A look at theatre practitioner, artist and performer Samudra Kajal Saikia’s 2012 Disposable House Project, and why, more than ever today, the dialogue between space and body is vital in understanding the ephemeral – and performative – nature of existence itself. Edited excerpts from the story.
A muppet performance with collaboration, City as Studio program, Sarai.
Every childhood memory makes space for the ‘house-house’ game. You know, the one where the ‘house’ is filled with pockets of imaginary conversation and food, with greetings and goodbyes, and an ocean of time that seems to be going nowhere. Then, one fine day, straight from the capitalist oven, comes irresistible Monopoly, and this ‘house’ now has a shape, a colour and a value. Somewhere along the way, the houses converge, much like memories do, and we cannot distinguish between the two. Conversation changes based on the colour of the house, food changes based on its value and greetings and goodbyes get impossibly stuck, wedged between mezzanine floors and Italian marble. The house settles into our open arms, an embrace that is neither comforting nor constricting. And today, as that house grows bigger and bigger and our hands grow wider and wider, the embrace becoming tighter and tighter, our identities, ideologies and ideals are growing smaller and smaller, quietly slipping through the cracks. Into this volatile vortex of material happiness, artist, theatre-practitioner and performer Samudra Kajal Saikia placed his ‘Disposable House’ project. ‘When the city is shifting constantly, can a concrete building be the settlement for my body? Where does the "dream house" lead you to – when ‘dream’ itself is a moving phenomena?’ he asks.
The Mobile Houses on the Street, Guwahati, Assam, 20th Februaty, 2012.
In 2012, five houses that looked straight out of a giant board game, were mounted over tempos, their walls filled with artwork pertaining to specific themes – Sufi house, House of Displacement, Urban House, House of Social Norms and Kankhowa’s House (the body house of the Actor) – and taken on a procession through the streets of Guwahati before stopping by the banks of river Brahmaputra, where they were eventually abandoned. This public art project, funded by FICA public art grant 2010, was a culmination of Samudra’s deep dialogue with the word ‘disposable’ that is, somehow, so many things at the same time – clinical, functional, ephemeral and almost contrite. ‘You are right, it is "so many things at the same time" and really difficult to explain in a line. I do not remember exactly the time I began using this word first and even if I do remember, over a period of time the connotations have changed,’ says Samudra. ‘More than a decade ago, I started executing a one-of-a-kind performance that I called Disposable Theatre. The central argument behind the method was to reclaim the spatial and ephemeral specificity of live art. It was a remonstration against the national, phenomenal and grandiose theatre that used to repeat itself in many "shows" or staging(s). If theatre is live how can it be repeated? So I started doing a theatre that destroyed its own evidences on the spot. This experience took me deeper into the art of performance, which is different from other tactile art. Here, I do not produce a product, object or thing, but I transform my very body into art. As the art is transient, the body itself is another perishable thing. So this single word – disposable – helped me rebel against the thingification of art, to re-connect with certain traditional cultural beliefs, and to find out a work-pattern as well.’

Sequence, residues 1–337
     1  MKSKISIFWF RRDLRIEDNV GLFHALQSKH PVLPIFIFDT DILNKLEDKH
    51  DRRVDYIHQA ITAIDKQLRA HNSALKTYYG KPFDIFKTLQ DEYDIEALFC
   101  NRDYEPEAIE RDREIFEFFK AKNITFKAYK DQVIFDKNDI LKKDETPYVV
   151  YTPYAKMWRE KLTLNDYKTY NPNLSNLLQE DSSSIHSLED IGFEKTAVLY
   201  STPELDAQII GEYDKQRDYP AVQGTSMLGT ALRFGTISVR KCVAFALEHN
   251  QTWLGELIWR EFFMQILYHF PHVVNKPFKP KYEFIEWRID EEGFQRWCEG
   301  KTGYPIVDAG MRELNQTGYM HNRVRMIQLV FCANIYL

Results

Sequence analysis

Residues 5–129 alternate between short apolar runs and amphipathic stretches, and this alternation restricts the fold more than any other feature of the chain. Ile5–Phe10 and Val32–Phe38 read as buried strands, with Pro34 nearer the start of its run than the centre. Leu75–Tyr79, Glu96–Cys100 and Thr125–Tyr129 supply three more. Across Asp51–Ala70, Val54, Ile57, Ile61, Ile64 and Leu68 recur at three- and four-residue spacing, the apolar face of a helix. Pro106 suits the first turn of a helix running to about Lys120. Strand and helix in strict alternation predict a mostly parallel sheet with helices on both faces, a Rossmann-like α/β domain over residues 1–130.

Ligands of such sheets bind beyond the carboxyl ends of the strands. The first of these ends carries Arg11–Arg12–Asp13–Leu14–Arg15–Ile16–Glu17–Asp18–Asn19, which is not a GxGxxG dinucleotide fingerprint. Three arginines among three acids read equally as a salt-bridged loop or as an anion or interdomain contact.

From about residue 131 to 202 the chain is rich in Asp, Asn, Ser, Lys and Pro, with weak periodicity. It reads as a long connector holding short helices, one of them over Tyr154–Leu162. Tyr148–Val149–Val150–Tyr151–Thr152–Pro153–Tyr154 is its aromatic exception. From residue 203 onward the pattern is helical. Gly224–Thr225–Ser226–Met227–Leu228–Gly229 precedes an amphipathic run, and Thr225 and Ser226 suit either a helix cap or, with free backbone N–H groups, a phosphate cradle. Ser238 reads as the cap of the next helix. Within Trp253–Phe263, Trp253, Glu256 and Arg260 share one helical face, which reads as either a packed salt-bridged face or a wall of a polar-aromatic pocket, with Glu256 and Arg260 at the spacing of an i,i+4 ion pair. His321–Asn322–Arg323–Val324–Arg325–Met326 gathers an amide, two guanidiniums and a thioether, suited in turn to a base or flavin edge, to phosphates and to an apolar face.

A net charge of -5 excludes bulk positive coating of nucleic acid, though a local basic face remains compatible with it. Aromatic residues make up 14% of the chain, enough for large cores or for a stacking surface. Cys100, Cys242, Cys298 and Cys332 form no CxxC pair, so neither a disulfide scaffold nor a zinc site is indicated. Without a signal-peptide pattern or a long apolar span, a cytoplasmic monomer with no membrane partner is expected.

Disposable Womaen, a Disposable Theatre during the Kalaghoda Art Festival, 2015
Praveena Shivram is the Editor of Arts Illustrated.
To read the full article, click here.
More from Arts Illustrated :